First of all, if the KMT had lost the civil war in China and were not able to escape to Taiwan, then I believe the Communists would have just came over as if they already owned or deserved Taiwan without any objection from the international community who already seemed to acknowledge that Taiwan should be returned to China after World War II. Certainly American forces would not aid a Chiang Kai-Shek-less Taiwan that has no military of its own in a conflict with China. So, because of the KMT, Taiwan is not a part of communist China right now and is a lot better off because of it.

Secondly, Taiwan has prospered immensely economically under KMT rule. Regardless of whether this was due to the "hard working" Taiwanese people or the "sound" infrastructure the Japanese laid out the prior half century, the fact remains that under the KMT, the standard of living has increased immensely, corruption or not.

Finally, Taiwan currently is a thriving democracy. It may be unforgivable that dictators like Chiang Kai-Shek and his son, Chiang Ching-Kuo, were able to stay in power for forty years, but the fact is that Chiang Ching-Kuo permitted the government to be what it is today. Perhaps he realized that democracy would be the key to Taiwan's entry into the world community or perhaps he wanted to leave behind a positive legacy or perhaps he realized that it was impossible to put down the spirit of activists such as Lin I-Shiung. All I know is that democracy was able to prevail in Taiwan whereas many regimes around the world have not undergone the change that Taiwan has gone through. I can say that the KMT were far from ideal and unjustified in many of their killings, but there are clearly worse alternatives.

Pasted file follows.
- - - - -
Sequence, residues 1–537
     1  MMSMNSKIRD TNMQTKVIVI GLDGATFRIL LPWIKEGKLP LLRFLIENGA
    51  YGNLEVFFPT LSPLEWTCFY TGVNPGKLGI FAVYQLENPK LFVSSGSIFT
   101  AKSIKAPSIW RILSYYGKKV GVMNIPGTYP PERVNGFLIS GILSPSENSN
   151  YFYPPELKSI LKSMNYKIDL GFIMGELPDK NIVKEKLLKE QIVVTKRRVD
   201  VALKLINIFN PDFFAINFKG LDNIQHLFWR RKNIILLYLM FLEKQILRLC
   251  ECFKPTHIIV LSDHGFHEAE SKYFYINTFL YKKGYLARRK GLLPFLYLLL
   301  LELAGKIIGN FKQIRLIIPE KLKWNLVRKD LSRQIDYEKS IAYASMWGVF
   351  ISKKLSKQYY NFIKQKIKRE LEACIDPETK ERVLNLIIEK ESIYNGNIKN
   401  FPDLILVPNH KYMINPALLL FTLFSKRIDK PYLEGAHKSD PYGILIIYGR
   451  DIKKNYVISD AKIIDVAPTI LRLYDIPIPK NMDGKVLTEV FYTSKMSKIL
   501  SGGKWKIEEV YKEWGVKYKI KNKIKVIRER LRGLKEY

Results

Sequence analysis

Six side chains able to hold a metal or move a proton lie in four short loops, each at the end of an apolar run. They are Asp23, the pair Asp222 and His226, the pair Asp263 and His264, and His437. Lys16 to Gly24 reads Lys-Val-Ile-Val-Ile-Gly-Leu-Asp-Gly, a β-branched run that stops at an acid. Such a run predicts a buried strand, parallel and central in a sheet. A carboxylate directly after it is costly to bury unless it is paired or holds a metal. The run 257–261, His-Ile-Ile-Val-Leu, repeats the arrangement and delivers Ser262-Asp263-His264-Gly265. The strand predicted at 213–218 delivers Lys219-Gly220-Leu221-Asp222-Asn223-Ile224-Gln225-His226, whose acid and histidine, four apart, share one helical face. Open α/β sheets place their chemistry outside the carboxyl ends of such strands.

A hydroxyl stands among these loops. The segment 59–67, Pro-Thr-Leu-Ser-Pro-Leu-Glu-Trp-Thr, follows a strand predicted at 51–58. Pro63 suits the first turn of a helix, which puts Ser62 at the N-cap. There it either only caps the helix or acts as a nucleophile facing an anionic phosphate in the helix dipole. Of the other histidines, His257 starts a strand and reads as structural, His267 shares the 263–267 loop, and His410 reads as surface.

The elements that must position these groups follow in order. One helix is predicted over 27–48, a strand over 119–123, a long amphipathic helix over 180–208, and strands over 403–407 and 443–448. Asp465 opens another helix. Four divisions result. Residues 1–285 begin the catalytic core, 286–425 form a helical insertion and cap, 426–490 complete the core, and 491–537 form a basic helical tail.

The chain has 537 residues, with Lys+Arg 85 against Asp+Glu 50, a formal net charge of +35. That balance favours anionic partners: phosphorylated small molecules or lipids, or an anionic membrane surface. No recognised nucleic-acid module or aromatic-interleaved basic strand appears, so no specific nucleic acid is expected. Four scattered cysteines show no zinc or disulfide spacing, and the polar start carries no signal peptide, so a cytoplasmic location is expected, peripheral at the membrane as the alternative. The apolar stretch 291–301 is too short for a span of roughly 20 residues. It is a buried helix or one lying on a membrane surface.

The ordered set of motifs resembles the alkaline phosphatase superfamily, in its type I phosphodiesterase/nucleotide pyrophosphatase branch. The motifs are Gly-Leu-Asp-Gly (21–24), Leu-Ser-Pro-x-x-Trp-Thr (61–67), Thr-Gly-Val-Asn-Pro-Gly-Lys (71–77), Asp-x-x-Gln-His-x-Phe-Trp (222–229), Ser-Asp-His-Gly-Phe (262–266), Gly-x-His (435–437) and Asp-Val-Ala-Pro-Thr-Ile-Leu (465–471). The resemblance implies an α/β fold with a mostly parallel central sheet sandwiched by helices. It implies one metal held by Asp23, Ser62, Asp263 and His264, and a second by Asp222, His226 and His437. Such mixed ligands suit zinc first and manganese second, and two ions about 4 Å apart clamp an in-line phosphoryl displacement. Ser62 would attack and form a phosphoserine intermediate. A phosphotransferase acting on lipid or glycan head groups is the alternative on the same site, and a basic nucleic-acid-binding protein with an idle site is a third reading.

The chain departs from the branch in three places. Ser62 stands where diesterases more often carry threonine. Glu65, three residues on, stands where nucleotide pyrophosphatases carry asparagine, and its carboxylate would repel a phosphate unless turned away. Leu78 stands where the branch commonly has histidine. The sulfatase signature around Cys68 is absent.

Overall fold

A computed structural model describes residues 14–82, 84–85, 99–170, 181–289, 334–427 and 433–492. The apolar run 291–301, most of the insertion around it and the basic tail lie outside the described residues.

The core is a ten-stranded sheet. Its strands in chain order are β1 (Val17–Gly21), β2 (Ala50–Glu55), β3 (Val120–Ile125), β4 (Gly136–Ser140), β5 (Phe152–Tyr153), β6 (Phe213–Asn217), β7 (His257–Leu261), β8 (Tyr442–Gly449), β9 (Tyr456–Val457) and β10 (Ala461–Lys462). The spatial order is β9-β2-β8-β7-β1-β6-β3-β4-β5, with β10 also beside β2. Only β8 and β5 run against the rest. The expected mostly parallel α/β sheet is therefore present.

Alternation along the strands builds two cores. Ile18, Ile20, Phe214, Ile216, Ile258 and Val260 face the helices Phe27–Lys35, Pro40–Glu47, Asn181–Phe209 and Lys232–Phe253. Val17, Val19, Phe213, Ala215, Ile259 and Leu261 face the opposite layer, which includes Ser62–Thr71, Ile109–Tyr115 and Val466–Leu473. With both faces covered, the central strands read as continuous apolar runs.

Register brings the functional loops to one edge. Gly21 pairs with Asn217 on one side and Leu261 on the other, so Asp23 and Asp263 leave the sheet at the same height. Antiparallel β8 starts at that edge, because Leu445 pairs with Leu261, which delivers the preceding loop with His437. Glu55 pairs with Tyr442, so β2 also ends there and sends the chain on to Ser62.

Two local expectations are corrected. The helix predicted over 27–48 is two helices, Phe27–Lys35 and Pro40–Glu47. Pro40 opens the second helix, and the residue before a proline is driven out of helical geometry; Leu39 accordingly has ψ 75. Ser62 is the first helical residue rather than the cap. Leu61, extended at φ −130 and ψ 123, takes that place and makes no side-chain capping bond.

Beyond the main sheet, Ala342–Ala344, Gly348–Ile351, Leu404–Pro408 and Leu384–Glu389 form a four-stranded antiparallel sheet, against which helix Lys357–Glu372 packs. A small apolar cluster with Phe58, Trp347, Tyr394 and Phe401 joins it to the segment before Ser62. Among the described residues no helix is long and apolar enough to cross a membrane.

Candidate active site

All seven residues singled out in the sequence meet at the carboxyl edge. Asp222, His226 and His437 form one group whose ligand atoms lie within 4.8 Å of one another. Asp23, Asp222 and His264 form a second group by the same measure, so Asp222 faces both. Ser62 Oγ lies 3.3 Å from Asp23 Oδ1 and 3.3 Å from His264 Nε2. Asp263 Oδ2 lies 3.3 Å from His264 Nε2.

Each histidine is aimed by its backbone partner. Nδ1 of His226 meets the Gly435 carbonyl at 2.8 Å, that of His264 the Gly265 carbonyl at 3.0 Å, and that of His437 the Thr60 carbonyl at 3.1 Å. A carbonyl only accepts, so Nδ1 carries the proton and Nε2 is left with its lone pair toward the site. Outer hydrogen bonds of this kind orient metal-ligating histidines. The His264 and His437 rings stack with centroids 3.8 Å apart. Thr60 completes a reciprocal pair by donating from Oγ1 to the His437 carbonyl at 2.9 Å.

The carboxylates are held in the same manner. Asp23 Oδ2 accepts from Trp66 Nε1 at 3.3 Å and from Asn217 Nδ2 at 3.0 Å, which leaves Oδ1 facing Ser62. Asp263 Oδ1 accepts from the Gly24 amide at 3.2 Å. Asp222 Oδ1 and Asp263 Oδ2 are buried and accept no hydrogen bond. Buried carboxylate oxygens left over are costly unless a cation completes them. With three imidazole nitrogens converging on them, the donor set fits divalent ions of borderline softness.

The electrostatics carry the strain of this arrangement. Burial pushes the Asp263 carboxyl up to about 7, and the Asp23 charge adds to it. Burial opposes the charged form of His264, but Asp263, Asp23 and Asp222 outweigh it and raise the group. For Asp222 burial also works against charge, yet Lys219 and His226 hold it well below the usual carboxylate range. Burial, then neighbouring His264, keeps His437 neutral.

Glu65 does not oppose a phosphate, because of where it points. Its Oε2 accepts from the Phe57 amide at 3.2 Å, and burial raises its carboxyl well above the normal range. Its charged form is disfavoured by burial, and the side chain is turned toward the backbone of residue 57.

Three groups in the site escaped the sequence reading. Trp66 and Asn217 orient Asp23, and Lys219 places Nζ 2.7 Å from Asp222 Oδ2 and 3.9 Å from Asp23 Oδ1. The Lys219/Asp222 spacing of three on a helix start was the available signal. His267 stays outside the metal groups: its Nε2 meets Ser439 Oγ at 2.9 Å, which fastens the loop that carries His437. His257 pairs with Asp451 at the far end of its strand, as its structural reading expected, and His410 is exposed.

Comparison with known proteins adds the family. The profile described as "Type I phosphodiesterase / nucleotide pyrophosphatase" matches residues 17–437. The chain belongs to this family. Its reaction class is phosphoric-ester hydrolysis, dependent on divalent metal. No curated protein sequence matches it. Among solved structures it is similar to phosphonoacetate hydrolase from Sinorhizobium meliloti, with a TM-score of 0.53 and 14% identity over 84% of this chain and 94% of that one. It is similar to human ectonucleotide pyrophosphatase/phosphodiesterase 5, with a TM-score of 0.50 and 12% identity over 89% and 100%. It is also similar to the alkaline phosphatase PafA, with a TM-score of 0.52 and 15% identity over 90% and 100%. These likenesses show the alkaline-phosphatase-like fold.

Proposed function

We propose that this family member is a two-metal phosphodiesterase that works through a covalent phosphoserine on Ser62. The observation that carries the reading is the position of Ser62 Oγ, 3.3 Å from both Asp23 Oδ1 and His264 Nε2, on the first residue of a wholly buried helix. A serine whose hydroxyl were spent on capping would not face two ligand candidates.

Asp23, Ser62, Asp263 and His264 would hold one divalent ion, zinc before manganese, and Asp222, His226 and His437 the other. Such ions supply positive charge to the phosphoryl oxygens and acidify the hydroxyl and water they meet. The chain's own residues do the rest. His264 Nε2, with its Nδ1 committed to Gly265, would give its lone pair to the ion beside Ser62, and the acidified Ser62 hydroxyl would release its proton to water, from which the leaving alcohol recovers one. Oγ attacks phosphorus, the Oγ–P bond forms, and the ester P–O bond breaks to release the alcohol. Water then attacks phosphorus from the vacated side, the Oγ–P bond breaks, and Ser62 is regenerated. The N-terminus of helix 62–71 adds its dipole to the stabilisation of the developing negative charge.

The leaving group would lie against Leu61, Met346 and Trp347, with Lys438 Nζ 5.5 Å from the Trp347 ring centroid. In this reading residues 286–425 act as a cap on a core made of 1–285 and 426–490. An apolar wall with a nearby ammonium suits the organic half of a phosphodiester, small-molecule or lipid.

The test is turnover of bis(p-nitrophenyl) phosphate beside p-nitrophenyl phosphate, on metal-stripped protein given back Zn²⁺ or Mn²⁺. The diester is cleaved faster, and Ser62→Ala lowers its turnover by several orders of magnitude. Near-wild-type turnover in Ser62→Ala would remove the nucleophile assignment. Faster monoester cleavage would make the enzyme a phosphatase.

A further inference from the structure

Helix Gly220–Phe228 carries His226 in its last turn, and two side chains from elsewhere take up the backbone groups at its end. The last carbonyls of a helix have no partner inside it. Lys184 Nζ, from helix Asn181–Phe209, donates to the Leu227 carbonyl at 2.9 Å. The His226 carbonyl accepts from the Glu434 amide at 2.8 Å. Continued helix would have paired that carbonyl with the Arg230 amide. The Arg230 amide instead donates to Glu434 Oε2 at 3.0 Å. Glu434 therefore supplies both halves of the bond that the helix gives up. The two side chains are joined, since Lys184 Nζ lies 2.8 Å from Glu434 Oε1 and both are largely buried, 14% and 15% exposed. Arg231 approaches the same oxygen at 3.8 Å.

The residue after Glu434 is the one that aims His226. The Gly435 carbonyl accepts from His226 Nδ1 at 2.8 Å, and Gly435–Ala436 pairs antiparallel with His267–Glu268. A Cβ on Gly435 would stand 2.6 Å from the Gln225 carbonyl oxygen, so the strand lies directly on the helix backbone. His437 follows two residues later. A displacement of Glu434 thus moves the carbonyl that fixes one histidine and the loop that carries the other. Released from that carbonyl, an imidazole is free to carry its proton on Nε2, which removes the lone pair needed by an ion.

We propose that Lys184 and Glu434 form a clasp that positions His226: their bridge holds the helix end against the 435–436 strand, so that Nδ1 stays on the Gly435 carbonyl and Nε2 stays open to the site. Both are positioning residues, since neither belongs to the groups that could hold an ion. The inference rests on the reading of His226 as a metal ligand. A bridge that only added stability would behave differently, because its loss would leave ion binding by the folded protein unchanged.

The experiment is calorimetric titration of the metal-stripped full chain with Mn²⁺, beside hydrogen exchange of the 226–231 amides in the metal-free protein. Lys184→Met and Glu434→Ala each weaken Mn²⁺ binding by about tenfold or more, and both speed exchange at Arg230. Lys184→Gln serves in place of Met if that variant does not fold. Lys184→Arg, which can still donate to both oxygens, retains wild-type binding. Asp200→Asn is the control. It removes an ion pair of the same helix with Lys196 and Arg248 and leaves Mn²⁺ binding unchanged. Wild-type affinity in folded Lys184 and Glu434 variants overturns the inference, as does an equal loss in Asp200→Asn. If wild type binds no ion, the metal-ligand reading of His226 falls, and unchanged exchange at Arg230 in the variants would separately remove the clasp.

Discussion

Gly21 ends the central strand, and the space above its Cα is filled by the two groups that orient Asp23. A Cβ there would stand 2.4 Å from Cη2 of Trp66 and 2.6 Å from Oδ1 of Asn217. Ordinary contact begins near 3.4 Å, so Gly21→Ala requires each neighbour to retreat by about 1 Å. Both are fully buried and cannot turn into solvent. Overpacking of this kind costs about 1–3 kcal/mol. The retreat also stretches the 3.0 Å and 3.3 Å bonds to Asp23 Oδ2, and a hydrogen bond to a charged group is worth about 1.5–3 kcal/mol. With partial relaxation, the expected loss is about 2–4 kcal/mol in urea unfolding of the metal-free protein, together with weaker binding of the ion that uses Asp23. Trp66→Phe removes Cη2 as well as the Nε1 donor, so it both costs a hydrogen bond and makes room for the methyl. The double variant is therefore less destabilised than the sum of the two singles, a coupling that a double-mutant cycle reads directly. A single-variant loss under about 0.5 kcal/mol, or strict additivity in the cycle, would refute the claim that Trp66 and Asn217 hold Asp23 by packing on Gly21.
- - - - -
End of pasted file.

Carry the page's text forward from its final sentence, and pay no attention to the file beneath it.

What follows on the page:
In conclusion, I do feel Taiwan should be independent from China due to the circumstances that occurred since the Chinese civil war. But, I admit I am not so caught up in what seems to be like Taiwanese nationalism and pride. The view that is shared by any mainland Chinese people and some people of Taiwan that Taiwan is a part of China should be respected. The view of those Taiwanese who feel Taiwan should be independent from China should also be respected as well. Furthermore, I respect the views of those who support the KMT government as being an overall positive influence the past half century as well as those who disagree. Both sides, for both issues, have strong arguments on their behalf and can be seen as right or wrong depending on the criteria used to judge the situation. Perhaps the most important thing is to keep an open mind and not let one's own personal biases prevail when considering one's stance on Taiwan and being Taiwanese or Taiwanese-American.